The release of a report on how Pasadena police investigated the fatal shooting of an unarmed teen has been delayed after a judge granted the officers' association a temporary restraining order.
The association, the city and any interested parties have until Sept. 23 to file arguments for or against releasing the independent report, according to Pasadena city officials.
The police officers' association filed a request to bar the report's public release, claiming that the report revealed personnel records on the two officers who shot Kendrec McDade, 19, in March 2012, not long after the Trayvon Martin shooting in Florida.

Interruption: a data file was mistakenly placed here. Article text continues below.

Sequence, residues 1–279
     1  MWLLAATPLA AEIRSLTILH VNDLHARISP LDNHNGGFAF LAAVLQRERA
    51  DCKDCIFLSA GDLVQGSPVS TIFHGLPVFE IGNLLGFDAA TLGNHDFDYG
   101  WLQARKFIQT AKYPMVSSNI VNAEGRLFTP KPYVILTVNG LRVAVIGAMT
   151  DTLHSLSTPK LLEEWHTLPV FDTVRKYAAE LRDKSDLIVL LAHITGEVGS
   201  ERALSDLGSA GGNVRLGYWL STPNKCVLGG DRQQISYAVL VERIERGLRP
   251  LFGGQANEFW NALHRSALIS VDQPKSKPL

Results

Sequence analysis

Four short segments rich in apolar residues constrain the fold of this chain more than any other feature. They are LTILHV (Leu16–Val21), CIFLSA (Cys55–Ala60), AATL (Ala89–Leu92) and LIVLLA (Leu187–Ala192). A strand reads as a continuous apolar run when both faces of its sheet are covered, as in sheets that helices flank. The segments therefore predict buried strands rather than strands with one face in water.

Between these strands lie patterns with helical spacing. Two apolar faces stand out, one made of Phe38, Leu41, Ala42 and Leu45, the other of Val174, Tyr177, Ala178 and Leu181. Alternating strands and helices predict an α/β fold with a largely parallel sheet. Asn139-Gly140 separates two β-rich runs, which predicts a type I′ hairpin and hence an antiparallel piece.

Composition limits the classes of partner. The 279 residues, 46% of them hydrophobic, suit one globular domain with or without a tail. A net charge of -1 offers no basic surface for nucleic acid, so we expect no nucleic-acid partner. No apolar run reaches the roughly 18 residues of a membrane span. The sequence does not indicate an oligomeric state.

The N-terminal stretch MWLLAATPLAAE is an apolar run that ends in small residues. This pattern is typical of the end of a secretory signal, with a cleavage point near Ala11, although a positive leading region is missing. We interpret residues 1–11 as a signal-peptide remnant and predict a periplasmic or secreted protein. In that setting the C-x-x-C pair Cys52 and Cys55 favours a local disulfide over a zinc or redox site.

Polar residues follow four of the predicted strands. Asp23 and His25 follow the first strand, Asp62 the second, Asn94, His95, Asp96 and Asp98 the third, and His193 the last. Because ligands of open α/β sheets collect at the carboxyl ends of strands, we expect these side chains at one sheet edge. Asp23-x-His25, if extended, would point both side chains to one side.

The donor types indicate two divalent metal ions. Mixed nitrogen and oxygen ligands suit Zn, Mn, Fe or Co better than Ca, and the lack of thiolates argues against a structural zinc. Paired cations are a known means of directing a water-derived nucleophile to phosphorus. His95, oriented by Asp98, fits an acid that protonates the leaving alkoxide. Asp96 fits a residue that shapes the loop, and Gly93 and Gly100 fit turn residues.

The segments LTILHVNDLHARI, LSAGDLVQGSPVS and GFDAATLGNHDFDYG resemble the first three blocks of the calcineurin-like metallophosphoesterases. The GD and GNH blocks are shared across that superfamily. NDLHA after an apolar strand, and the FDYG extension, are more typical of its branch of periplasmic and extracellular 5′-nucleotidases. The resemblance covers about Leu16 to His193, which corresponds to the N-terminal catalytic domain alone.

McDade was shot while fleeing police, who were responding to a report of an armed robbery. A person called 911 and reported his laptop had been stolen at gunpoint; later, it was revealed the victim's backpack with his laptop in it was stolen from his car. McDade was not armed.
Several agencies investigated the incident and determined the shooting was justified; the city settled a civil suit with McDade's family for $1 million. But in the wake of the shooting, an outside firm was tapped to review how Pasadena police investigated the incident and suggest changes to the process.
The city had planned to release the report's recommendations and the department's response Sept. 15 at its monthly public safety meeting. That will not happen in light of Monday's ruling, said city spokesman William Boyer.
The police association learned of the report's potential release after the city notified the officers that members of the public and media had filed public records requests for it, Boyer said.